Moments from Brown’s map-based story of Tacky’s Revolt. Above: An attack targets Fort Haldane, at Port Maria, in April 1760. Below: Rebels clash with militia forces at their fortified encampment—labeled “Rebel’s Barricade” on the original colonial map—in May 1760.
Images courtesy of revolt.axismaps.com


What did these rebels want? “Freedom from enslavement would always be the primary goal,” Brown says. “But then you want to dig a little deeper than that: What does freedom mean to these people? It doesn’t mean the same kind of freedom along the lines of liberal principles that we think of. It can be negative freedom, certainly freedom from being subject to the will of another....But does it mean forming a maroon community, an independent community, in the mountains? That’s one version of black freedom in a place like Jamaica. Another version of black freedom might be creating a polity that has some outside access to the world, that’s not isolated, that’s not detached from society....Those are things that black people want as well.”


In 2010, while Brown was still a junior faculty member in Cambridge, he left for a tenured position at Duke. “Tenure was so uncertain at Harvard,” he remembers. Creating a documentary as a major scholarly project had defied the traditional path young scholars usually take to build their careers. But it wasn’t long before Harvard convinced him to come back. “Harvard is a much nicer place to be as someone with job security,” he says. “I wanted to contemplate what it would be like to be in this well-resourced institution with all these really great, smart people around to brainstorm with, without having that fear of constantly having to have my eye on the job market all the time, having to constantly think about how my work was going to play to the higher-ups.” Brown now harmonizes his interests in history and media as the founding director of Harvard’s History Design Studio (HDS), created in 2013: a workshop for researchers who want to explore new modes of researching and narrating history.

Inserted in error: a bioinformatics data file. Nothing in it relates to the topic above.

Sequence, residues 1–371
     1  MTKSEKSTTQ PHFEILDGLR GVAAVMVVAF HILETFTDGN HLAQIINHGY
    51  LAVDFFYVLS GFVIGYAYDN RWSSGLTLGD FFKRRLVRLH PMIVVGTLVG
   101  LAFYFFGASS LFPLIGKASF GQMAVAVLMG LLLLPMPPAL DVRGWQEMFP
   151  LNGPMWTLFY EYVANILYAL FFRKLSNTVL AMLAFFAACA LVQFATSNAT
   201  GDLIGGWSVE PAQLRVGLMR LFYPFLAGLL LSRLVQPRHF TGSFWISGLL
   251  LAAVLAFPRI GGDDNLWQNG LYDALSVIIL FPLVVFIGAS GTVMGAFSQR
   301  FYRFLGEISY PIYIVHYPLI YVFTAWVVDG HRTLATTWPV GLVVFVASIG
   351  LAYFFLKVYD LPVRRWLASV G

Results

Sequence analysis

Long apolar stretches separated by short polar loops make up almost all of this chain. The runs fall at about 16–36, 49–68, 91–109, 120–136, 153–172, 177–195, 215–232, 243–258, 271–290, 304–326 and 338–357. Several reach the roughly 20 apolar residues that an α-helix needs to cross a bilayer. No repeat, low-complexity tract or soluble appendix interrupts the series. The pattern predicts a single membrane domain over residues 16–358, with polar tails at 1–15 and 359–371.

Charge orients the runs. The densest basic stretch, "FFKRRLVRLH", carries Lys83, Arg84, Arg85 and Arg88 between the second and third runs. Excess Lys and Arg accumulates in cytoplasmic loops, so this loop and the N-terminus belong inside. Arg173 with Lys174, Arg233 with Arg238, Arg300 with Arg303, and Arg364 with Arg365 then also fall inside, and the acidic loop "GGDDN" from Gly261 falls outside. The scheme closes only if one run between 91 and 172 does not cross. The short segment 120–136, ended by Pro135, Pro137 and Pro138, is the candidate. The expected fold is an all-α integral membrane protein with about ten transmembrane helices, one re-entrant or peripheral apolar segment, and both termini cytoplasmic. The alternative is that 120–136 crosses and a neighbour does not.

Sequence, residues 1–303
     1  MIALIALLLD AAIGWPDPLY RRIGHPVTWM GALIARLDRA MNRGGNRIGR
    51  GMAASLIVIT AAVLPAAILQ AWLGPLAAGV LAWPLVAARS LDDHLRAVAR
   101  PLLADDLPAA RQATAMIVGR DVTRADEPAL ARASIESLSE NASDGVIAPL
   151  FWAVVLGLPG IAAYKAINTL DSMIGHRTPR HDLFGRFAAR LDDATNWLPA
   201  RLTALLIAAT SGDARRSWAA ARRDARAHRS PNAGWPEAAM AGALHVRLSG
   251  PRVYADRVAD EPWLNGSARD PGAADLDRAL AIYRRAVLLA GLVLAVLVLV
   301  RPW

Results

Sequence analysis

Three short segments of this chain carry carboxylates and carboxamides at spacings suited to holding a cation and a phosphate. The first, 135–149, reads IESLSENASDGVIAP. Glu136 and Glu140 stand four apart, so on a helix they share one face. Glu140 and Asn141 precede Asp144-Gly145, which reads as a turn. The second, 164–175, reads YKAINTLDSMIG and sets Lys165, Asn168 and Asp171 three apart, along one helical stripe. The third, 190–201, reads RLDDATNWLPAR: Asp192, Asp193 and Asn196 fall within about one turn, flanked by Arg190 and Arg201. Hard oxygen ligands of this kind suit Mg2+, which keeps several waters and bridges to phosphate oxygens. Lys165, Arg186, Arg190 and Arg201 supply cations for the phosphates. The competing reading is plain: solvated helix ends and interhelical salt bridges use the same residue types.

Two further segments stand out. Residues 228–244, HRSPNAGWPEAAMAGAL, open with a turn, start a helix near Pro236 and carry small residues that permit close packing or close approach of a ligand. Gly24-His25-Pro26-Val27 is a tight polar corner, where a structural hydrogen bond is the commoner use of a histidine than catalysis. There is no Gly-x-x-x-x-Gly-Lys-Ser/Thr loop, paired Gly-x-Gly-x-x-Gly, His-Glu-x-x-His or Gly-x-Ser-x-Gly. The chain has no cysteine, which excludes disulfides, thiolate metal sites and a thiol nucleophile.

“Because of Vince, there is a space for me at Harvard,” says Robin McDowell, a Ph.D. student in African and African American studies and fellow at the studio who uses map overlays to conduct her research on slavery and environmental history in Louisiana. When she came to Harvard, she says, “I had this idea that I needed to be classically trained…and that I wasn’t going to be taken seriously because I had an art and design background. And with HDS and with Vince, it was very much like, ‘No, this is something cutting edge, this is something really cool, this is what we need. You’re going to bring insights to this field because of your way of seeing the world.’”

McDowell and other students interviewed consider Brown’s history design work as an extension of his generous advising, and his willingness to push modes of storytelling that may not be embraced by traditional historians. “Across the board, he is beloved as a mentor, as a historian, as a student advocate,” McDowell says. “Everything you have that’s different [in academia] is hard fought for and hard won. Vince, I’m sure, had to work to carve out a space for people like me....It’s because of him doing stuff that people weren’t expecting, that people weren’t comfortable with.”